I used to have a magazine with information by Peter Cundall, along those same lines Blossom. Used to refer to it yearly but it is long gone. I will save your info for future reference.
Thee - Peter used to rotate things from one end of the garden bed to the other. You start with your onions at one end, so you only lime say 1/2 or 1/3 of the bed, and next season the onions will be down the other end or in the middle. Divide it up and think of it as 3 veg beds in the one.
Cheers, Jan
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Re: Crop Rotation

Post  Raymondo on Mon May 19, 2008 4:44 pm

Thanks for that Blossom. Very useful. Duly copied and filed away for reference.

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Re: Crop Rotation

Post  Fran on Tue May 20, 2008 5:35 am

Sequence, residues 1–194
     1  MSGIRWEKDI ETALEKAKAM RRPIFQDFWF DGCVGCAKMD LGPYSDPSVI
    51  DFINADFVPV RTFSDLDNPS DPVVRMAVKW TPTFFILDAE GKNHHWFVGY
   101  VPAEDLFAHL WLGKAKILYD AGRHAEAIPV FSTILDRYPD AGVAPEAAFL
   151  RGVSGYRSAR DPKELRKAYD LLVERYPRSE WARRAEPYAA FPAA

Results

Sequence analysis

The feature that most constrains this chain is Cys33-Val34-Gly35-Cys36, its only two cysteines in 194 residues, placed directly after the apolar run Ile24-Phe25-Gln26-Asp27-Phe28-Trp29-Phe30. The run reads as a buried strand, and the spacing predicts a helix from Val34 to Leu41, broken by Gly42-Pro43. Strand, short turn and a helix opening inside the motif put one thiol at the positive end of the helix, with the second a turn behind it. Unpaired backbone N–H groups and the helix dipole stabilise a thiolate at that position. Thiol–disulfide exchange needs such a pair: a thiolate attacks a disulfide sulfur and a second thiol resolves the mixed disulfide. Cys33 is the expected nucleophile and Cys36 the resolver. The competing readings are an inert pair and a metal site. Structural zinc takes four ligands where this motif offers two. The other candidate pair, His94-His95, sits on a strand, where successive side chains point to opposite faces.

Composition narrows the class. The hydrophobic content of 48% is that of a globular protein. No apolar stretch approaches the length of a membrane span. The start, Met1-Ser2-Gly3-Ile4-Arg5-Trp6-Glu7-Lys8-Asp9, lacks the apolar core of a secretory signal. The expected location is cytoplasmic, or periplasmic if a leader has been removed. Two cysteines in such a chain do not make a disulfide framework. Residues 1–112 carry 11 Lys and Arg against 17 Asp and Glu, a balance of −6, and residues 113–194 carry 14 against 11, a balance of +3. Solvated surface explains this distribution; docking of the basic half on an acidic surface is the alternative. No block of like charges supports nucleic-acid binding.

This is my rotation system for a hot climate adapted from one I found in the GA magazine years and years ago I think. It's great if you like to grow a range of vegetables.

1st year - legumes such as peas and beans, followed by brassicas - cabbages which will thrive on the nitrogen they leave behind and can be grown through winter.
2nd year - leafy vegetables - lettuce etc
3rd year - root vegetables - carrots etc
4th year - sweet corn and cucurbits like zucchini. Pumpkins can go in too if you have the space.
5th year - tomatoes, capsicums - the acid lovers - then harvest and lime bed.
6th year - onions ( if possible ), spinach - the lime lovers. I've never grown these and usually left the bed fallow for the sun to solarize. When the kids were young they'd throw sunflower seeds in it for fun Smile

A 4 year rotation might be less trouble in which you can follow the tomatoes with peas or beans the first year, then with cucumbers, pumpkins the second year, sunflowers the third year and back to tomatoes.

Interesting isn't it - thanks for the thread Blossom sunny